Deposition of antibody-antigen immune complexes (IC) in tissues underlies the pathogenesis of a range of human autoimmune diseases from glomerulonephritis, SLE and arthritis, to transplantation rejection. Infiltrating leukocytes are the cause of inflammatory tissue damage. The primary objective of this competing renewal remains an in depth study of the mechanisms of IC mediated neutrophil recruitment and injury. Receptors for IgG, collectively known as Fc?Rs, mediate the interaction of antibodies with effector cells. In the current grant period, we provide several lines of evidence that the low affinity activating neutrophil Fc?Rs in mice, which preferentially complex with IgG-ICs, directly mediate neutrophil accumulation. Neutrophil Fc?Rs and the leukocyte specific CD18 integrins cooperated to promote IC induced neutrophil slow rolling, adhesion and transmigration, and TNF priming of neutrophils enhanced these processes. There are notable structural differences between neutrophil human and mouse low affinity activating Fc?Rs. Mice express Fc?RIII and Fc?RIV which complex with the common ?-chain to signal while human neutrophils express Fc?RIIA with the ITAM signaling and ligand binding domain in a single polypeptide chain, and a unique GPI-linked Fc?RIIIB. To examine the physiological functions, and the relative roles of the human neutrophil Fc?Rs in vivo, we expressed human Fc?RIIIB and Fc?RIIA selectively in neutrophils of mice lacking the common ?-chain (?-/-) and thus endogenous activating Fc?Rs. ?-/- mice failed to develop anti-glomerular basement membrane induced progressive glomerulonephritis and soluble IC induced Reverse Passive Arthus reaction as expected. In contrast, mice expressing hFc?RIIA on neutrophils displayed significant tissue injury. Moreover, mice expressing either hFc?RIIIB or hFc?RIIA exhibited significant tissue neutrophil accumulation in both models. Using intravital microscopy, we demonstrate that neutrophil Fc?RIIA and Fc?RIIIB play specialized context-dependent roles in IC-mediated neutrophil slow rolling, adhesion and transmigration. From these, and related observations, we hypothesize that Fc?RIIA and Fc?RIIIB serve distinct nonredundant functions in response to ICs, which are differentially regulated. We propose that 1) Fc?RIIIB tethering to ICs, supported by CD18 integrins serves a homeostatic role in clearing intravascular ICs, while 2) Fc?RIIA mediated recruitment and associated injury is regulated by cytokines, resident mast cells and macrophages, and requires its ITAM motif. In this proposal we will rigorously test these hypothesis using our humanized Fc?R transgenics, mouse lines deficient in mast cells or macrophages, and cell reconstitution approaches coupled with well-characterized in vivo models of IC induced inflammation and intravital microscopy. We anticipate that the new information provided by this proposal will increase our understanding of mechanisms of IC-induced neutrophil recruitment and activation and provide therapeutic targets for antibody-mediated inflammation relevant to human disorders.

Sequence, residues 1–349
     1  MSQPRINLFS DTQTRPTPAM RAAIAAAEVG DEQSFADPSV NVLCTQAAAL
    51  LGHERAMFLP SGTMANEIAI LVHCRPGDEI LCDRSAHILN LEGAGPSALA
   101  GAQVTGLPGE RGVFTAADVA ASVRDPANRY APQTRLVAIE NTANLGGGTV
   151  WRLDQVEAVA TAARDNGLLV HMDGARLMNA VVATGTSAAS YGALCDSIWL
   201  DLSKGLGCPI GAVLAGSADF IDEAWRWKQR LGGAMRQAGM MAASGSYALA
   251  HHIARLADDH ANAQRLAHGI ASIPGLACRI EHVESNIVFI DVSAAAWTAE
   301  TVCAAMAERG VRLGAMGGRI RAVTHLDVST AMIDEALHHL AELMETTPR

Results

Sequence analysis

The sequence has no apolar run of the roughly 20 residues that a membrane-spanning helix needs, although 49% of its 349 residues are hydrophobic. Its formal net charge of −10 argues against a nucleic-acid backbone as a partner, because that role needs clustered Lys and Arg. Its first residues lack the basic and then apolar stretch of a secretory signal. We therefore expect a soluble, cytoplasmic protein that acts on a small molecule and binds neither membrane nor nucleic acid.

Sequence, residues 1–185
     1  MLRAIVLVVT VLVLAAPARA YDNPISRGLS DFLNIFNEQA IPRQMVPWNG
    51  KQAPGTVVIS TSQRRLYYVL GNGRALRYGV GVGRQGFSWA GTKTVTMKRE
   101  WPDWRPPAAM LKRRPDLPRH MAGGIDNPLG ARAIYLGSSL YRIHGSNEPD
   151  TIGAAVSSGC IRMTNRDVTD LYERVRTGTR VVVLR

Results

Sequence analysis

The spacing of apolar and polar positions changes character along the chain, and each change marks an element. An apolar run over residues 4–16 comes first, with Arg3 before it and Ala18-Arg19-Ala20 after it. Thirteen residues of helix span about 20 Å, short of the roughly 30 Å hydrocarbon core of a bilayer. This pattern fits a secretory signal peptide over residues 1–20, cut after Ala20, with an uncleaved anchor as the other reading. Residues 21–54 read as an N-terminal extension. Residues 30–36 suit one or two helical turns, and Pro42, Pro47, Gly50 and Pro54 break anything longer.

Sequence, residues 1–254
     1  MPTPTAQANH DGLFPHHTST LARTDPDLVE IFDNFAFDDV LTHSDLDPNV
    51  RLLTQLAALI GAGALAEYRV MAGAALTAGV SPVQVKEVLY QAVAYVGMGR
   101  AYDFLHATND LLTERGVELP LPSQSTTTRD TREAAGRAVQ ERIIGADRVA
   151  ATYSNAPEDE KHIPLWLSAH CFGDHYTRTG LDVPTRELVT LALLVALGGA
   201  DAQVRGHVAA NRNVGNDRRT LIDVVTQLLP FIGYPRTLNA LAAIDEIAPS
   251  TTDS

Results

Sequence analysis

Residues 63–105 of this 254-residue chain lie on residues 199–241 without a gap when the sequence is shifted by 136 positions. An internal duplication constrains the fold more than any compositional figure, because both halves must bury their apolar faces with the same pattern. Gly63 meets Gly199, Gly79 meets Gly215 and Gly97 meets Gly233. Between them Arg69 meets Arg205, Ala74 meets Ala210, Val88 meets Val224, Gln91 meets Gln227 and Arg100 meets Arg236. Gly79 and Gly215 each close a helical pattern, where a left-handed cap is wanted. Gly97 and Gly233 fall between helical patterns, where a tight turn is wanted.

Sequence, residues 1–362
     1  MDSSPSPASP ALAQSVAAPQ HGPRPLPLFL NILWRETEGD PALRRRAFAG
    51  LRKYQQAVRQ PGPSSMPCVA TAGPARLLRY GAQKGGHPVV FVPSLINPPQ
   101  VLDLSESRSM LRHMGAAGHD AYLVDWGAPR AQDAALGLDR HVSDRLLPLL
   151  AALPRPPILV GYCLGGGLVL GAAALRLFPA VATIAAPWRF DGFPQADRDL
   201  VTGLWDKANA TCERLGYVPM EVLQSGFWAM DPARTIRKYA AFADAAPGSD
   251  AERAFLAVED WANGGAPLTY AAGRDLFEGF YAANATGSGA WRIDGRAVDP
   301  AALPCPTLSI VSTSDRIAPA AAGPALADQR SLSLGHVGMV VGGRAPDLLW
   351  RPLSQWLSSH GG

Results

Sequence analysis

Public Health Relevance

The objective of this proposal is to understand the role of human neutrophil Fc?Rs, receptors for IgG, in autoimmune diseases, which afflict 5-8% of the population. In mice, Fc?Rs have emerged as critical players in IC induced injury of the lung, skin and joints. However, the relevance of this to human inflammation remains unclear, as there are significant structural differences between activating Fc?Rs in mice and humans. We have generated mice expressing the two uniquely human activating neutrophil Fc?Rs, Fc?RIIA and Fc?RIIIB selectively in neutrophils and shown a predominant role for these human receptors in the initiation of immune complex-mediated diseases. Here we will further determine the physiological role of these receptors in neutrophil recruitment and injury in vivo. We anticipate that this will lead to the identification of therapeutic strategies that target tissue injury in inflammatory and autoimmune disorders relevant to human disease.

National Institute of Health (NIH)
National Heart, Lung, and Blood Institute (NHLBI)
Research Project (R01)
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Special Emphasis Panel (ZRG1-RUS-C (03))
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Shah, Monica R
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Brigham and Women's Hospital
United States
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